This whole discussion came about just because I was curious and it was related to Sandy’s question. I still call B.S. on the fact that someone should have to pay for half of a partition fence especially if one party does not want the fence.

    On the other side of my property there is a partition fence with an easement owned by the plat (HOA). Should I then petition to get the HOA to reimburse me for half then? And by back fence butts up against property owned by the county. Should I petition the King County Council to reimburse me for half? It’s only fair right?

    I’m thinking about taking this discussion into the forums where it belongs because I think we’re veering away from the point of the original post (Case-Schiller) and the great and powerful “The Tim” will get angry.

  46. 46
    vboring says:

    Ron,

    i have never claimed to be reasonable.

    i do wonder what inspired your response, though?

    initial jobless claims are only at the borderline recession level of around 350,000 (http://calculatedrisk.blogspot.com/2007/12/weekly-unemployment-insurance-claims.html). things seem worse than that to me. the difference between my sense of things and the statistics bothered me. realizing that most of the jobs directly impacted by a RE bust wouldn’t be included in those stats cleared it up for me.

    whats so crazy about that?

  47. 47
    crystalball says:

    I agree with wreckingbull about the importance of looking at the long term to see how out of whack our bubble is.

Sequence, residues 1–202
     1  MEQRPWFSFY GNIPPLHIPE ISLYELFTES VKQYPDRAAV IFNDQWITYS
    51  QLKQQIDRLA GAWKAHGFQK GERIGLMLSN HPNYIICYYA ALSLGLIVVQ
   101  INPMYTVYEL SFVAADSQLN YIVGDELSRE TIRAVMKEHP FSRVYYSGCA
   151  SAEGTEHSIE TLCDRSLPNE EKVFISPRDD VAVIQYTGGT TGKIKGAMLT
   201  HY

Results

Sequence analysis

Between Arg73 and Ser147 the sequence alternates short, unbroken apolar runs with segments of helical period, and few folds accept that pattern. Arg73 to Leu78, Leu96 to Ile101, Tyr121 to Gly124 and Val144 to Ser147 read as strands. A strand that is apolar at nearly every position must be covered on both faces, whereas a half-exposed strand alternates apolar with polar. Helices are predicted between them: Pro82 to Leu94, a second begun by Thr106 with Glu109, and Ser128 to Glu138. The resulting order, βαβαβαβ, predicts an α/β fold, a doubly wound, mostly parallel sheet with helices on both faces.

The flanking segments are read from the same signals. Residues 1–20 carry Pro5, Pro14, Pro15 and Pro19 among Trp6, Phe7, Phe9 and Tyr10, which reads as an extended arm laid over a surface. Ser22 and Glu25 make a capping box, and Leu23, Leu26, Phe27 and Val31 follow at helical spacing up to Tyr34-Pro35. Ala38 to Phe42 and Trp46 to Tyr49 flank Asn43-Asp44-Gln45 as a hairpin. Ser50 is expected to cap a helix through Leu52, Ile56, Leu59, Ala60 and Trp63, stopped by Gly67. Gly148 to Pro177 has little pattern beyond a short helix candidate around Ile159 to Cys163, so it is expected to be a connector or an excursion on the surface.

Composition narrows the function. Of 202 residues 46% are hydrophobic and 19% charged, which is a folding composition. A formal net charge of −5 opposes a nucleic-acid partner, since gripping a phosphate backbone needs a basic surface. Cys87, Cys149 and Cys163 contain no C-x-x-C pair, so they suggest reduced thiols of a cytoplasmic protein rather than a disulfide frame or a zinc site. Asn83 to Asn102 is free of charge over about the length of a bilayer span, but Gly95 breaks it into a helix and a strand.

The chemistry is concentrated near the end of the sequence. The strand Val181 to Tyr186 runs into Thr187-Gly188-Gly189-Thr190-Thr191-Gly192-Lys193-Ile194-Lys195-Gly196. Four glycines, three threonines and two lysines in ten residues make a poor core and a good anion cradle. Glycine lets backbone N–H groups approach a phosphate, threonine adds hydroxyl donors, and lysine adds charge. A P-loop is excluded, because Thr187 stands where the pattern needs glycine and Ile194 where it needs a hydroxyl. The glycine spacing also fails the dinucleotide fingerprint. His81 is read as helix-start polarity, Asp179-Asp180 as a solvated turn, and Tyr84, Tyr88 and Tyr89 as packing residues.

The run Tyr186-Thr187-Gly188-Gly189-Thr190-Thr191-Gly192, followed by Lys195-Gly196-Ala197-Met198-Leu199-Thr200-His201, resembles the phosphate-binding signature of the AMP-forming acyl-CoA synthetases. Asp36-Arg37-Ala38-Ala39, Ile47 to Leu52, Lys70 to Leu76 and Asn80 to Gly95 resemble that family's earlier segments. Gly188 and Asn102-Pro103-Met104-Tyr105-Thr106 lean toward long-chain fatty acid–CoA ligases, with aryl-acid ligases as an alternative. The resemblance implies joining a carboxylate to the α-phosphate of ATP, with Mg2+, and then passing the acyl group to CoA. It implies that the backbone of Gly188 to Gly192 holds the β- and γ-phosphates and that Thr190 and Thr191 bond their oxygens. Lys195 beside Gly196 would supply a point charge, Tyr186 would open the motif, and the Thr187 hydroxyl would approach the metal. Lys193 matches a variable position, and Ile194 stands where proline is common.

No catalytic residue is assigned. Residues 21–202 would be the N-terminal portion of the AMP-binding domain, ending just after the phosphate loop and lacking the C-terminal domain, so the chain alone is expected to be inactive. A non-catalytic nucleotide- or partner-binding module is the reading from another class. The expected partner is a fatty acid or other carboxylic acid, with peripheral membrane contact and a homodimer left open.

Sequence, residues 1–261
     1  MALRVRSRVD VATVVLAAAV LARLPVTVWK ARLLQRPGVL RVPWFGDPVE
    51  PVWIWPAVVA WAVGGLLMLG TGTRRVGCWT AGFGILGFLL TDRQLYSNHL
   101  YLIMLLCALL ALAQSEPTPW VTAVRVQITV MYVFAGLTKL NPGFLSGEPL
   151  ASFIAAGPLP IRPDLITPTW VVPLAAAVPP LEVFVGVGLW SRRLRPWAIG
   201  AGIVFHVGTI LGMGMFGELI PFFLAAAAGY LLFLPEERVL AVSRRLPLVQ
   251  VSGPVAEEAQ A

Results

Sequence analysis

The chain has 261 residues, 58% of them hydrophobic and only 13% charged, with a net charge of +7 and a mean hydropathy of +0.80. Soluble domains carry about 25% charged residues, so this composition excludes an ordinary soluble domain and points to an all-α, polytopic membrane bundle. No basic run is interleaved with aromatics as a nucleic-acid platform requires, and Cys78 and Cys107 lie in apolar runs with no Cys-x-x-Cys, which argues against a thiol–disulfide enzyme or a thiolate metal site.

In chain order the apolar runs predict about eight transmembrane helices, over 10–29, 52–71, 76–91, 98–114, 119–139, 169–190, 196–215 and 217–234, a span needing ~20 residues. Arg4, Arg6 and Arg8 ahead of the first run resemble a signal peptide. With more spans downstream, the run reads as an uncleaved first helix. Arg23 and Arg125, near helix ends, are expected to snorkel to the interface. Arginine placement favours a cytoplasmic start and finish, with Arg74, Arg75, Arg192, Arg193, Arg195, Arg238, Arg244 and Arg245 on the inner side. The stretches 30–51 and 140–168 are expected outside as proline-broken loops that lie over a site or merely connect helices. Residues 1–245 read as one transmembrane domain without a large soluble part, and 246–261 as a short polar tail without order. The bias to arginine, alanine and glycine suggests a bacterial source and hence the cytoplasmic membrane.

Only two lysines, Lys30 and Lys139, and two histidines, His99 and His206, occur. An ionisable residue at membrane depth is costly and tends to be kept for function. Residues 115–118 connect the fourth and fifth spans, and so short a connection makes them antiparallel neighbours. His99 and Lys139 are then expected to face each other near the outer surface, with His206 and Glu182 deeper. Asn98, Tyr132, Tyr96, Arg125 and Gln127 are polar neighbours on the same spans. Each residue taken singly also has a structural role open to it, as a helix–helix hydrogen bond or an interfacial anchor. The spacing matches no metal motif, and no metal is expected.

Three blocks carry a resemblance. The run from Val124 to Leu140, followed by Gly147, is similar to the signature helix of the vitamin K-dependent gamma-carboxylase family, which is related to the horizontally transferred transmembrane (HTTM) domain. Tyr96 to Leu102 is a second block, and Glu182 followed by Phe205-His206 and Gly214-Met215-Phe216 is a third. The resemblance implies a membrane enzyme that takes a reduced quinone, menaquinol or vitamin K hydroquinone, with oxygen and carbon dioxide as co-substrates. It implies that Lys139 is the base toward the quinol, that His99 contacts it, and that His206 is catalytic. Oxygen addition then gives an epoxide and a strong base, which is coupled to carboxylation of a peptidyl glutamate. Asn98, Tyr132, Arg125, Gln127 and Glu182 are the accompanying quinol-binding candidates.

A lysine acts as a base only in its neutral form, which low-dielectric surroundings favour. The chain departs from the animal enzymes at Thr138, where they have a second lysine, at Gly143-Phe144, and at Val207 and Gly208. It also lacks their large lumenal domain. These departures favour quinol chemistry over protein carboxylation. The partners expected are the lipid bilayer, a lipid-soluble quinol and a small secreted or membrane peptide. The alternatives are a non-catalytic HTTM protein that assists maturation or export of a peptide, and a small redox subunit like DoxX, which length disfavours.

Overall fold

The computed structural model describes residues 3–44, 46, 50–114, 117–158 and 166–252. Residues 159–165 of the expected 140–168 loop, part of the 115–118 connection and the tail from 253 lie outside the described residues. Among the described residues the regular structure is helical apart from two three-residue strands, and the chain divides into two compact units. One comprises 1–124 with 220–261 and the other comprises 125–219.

Shiller considered the long-term when he came up with his estimate that there should be a 30% drop in prices. According to Shiller, a 30% drop would bring us back to the long-term mean where the fundamentals support the prices.

    The regression analysis that I did is just the steep linear beginning of the falling limb of our current bubble that is also suggested by the red and blue lines on the patrick.net extrapolation of the CSI (http://patrick.net/housing/contrib/housing_projection.html).

    Here is the last 12 months of CSI data for Seattle, Portland, and the Composite:

    Nov-06 183.88 181.34 223.94
    Dec-06 183.97 180.27 222.39
    Jan-07 183.92 179.79 221.32
    Feb-07 184.85 179.90 220.47
    Mar-07 186.44 181.72 219.68
    Apr-07 188.89 183.55 218.93
    May-07 190.68 185.21 218.32
    Jun-07 191.92 185.76 217.33
    Jul-07 192.30 186.51 216.28
    Aug-07 192.14 186.00 214.58
    Sep-07 191.66 185.67 212.70
    Oct-07 189.86 185.10 209.68

    Here is what the linear regression of the last 12 months of year-over-year changes would predict the next 12 months to be for the CSI for Seattle, Portland, and the Composite:

    Nov-07 189.87 182.08 207.79
    Dec-07 188.45 179.48 204.87
    Jan-08 186.85 177.43 202.35
    Feb-08 186.23 175.96 200.05
    Mar-08 186.35 176.25 197.91
    Apr-08 187.21 176.41 195.72
    May-08 187.42 176.44 193.72
    Jun-08 187.02 175.33 191.34
    Jul-08 185.81 174.46 188.96
    Aug-08 184.03 172.35 186.00
    Sep-08 181.95 170.42 182.90
    Oct-08 178.64 168.27 178.85

  48. 48
    goin' for it says:

    vboring

    I was wondering about Ron’s post also. ;)

  49. 49
    goin' for it says:

    Deep Thoughts…..With Jack Handy